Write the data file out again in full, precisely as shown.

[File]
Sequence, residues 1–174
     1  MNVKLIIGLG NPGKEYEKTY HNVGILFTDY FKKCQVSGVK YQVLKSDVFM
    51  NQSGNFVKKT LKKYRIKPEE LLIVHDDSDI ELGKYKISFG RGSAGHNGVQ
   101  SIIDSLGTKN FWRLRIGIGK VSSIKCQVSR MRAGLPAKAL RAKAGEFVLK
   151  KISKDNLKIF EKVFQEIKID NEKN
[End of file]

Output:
Sequence, residues 1–174
     1  MNVKLIIGLG NPGKEYEKTY HNVGILFTDY FKKCQVSGVK YQVLKSDVFM
    51  NQSGNFVKKT LKKYRIKPEE LLIVHDDSDI ELGKYKISFG RGSAGHNGVQ
   101  SIIDSLGTKN FWRLRIGIGK VSSIKCQVSR MRAGLPAKAL RAKAGEFVLK
   151  KISKDNLKIF EKVFQEIKID NEKN